The lag issue arises from the fact that the oceans are lagging the atmosphere in their response to the greenhouse effect. This means that they are holding back temperature increases that we would be experiencing were there not so much water soaking up heat. To put it in stark terms: the temperatures we are now experiencing reflect the state of affairs several decades ago; were we to stop all carbon emissions today, the earth’s temperature would continue to rise for some time. That’s a truly pessimistic thought.

  8. 108
    dhogaza says:

    CPV:

    I don’t think the critical need for much more sophisticated or widely deployed instrumentation gets heard out of this noisy debate.

    And when it is stated, it’s frequently taken out of context and twisted by the denialist community. For instance, Kevin Trenberth’s “travesty” e-mail was about the lack of observational data and our need to improve monitoring, as was clear if you read the paper of his that he referred to, but has been spun as being something very different by denialist interpreters of “Climategate”.

    Without any measurements you can start with the baseline zero feedback approach, that seems plausible to me ceteris paribus

    Physics argues against this, hard to get around the fact that warmer temps tend to lead to greater evaporation from the oceans therefore higher absolute humidity, which leads to water vapor generating a positive feedback.

    and seems to match the rough magnitude of the long term trend data, such a it is.

    That’s not what the professionals seem to think. Do you know something they don’t ???

  9. 109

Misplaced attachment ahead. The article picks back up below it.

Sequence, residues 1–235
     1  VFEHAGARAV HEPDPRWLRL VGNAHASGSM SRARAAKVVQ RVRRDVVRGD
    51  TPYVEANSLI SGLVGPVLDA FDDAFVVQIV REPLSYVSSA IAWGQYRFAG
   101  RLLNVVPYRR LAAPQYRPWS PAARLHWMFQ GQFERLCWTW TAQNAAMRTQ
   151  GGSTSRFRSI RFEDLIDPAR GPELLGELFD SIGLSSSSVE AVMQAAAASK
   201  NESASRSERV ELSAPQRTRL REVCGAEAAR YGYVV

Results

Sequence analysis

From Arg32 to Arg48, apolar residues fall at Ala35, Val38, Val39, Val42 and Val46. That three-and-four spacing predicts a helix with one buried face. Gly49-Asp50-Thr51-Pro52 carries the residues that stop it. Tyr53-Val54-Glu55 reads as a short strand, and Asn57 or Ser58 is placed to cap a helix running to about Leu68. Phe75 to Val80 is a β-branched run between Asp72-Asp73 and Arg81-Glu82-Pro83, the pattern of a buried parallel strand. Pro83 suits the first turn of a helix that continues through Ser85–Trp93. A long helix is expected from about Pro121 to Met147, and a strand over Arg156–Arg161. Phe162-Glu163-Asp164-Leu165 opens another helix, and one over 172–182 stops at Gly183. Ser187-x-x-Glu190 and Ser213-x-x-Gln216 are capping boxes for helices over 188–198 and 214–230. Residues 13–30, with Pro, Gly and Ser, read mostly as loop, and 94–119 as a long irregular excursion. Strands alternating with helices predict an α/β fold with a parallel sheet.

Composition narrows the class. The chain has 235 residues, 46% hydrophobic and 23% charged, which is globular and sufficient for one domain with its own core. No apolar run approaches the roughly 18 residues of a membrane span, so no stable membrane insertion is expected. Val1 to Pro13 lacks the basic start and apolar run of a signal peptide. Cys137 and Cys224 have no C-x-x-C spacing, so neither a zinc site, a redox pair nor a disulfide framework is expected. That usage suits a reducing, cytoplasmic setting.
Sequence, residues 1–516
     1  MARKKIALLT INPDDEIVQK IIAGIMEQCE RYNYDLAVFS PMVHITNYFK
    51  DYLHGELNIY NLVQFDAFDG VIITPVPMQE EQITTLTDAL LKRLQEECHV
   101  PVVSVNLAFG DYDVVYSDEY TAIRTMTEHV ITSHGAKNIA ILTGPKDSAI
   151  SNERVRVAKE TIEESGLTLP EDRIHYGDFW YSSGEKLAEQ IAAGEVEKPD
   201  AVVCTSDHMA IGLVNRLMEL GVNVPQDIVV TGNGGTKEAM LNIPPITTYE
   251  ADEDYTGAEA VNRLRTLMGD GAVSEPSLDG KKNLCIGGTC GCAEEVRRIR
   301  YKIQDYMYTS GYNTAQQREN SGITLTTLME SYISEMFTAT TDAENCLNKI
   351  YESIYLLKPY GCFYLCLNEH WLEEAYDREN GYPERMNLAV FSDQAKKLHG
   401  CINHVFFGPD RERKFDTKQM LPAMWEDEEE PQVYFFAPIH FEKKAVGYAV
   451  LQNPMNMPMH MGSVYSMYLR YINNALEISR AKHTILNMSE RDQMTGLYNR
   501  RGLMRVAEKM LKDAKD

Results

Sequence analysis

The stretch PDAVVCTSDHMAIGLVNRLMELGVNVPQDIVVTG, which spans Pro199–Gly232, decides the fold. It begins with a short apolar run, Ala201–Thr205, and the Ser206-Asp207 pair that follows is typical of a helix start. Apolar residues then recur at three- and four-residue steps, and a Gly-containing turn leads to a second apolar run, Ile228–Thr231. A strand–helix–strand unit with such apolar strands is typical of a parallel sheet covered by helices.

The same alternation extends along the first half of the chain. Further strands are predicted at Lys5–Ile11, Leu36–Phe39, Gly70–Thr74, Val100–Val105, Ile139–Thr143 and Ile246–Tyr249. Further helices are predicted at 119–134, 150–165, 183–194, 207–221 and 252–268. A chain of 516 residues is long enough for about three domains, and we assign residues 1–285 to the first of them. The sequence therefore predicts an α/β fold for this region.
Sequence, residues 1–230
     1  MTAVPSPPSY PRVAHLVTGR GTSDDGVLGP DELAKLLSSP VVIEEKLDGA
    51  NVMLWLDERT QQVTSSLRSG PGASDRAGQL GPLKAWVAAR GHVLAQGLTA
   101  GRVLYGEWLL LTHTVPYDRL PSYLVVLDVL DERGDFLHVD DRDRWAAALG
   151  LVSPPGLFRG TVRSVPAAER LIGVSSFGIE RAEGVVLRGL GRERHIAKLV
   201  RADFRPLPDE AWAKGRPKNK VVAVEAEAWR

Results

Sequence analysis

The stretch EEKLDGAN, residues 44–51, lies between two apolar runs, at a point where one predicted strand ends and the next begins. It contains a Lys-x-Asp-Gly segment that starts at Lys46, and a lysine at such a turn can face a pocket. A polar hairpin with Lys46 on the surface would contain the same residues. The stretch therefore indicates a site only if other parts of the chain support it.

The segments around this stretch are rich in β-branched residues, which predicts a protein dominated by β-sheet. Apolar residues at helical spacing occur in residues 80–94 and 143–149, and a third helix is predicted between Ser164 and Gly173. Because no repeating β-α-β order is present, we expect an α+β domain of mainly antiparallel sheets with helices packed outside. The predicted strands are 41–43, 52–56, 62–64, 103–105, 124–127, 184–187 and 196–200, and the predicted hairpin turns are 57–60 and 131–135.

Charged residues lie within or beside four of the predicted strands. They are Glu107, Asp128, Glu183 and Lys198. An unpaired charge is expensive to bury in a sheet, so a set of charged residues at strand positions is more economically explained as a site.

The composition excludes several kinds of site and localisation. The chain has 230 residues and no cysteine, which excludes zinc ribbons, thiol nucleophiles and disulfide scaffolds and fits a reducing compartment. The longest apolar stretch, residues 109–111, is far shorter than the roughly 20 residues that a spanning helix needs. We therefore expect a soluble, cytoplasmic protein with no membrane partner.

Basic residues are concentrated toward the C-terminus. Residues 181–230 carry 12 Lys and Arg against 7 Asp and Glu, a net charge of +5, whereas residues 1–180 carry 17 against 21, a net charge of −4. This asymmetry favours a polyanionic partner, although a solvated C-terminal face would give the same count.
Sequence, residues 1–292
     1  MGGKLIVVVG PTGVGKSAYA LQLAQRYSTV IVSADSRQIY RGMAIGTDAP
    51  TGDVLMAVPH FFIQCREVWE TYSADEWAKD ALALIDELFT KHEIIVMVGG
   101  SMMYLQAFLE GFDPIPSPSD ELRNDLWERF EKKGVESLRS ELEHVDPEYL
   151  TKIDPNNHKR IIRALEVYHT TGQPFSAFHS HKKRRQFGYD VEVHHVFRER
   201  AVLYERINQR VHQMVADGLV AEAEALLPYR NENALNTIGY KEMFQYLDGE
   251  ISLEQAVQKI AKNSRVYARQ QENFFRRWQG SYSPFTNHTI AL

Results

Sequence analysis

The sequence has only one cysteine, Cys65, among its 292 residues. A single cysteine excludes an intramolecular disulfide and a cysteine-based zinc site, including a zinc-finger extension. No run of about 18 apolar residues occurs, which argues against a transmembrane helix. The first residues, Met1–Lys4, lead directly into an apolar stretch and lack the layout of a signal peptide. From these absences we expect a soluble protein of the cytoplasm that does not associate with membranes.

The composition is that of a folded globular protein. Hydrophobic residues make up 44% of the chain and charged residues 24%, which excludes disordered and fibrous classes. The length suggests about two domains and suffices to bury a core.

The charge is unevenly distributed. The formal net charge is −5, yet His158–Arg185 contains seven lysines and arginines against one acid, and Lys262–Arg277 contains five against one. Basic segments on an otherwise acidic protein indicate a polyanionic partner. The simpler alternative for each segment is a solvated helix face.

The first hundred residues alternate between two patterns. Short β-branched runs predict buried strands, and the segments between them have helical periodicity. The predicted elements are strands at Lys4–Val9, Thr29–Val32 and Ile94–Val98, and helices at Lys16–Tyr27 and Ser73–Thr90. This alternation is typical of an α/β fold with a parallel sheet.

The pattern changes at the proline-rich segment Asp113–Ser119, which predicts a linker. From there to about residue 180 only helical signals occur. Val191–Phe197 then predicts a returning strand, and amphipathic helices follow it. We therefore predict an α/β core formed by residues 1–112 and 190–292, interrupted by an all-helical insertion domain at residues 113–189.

CPV says:

    Thanks MA Rodger!

    A lot of the trend arguments seem to revolve around one side or the other picking these peaks or valleys as a starting point for some calculation that fits an agenda!

  10. 110
    Jeffrey says:

    I am having trouble sorting out several issues when it comes to OHC and how it relates to decedal osscilations verses OHC as an explanations for the radiation imbalence. As I understand it, in regards to the earths radiation imbalence the ocean has a great potential to alter its baseline heat content state, which could help explain why there has not been surface warming in the last 10 years despite net intake of radiation. On the other hand there is a decadal trend whereby the atmosphere and the ocean trade heat content over roughly 10 year time periods.

    To what extent is the former true? How much heat that one might expect to affect surface tmeperature could be absorbed by the ocean? If that heat is not going to be returned to the surface does that mean we should be less concerned about surface tmeperature warming and more concerned about sea level rise?

    In regards to the decadal osscilations, have we just gone through a period whereby heat has been traded into the ocean and should we expect it to oscillate back to the surface temperature in the next decade? It seams like there are a number of noise variables potentially working against a current trend in surface temperature warming. To what extent can we model el nino/el nina events or decadal oscillations (the noise) in future predictions?

    Would it be possible to differentiate forcing events to surface temperature from forcing events to the earths temperature?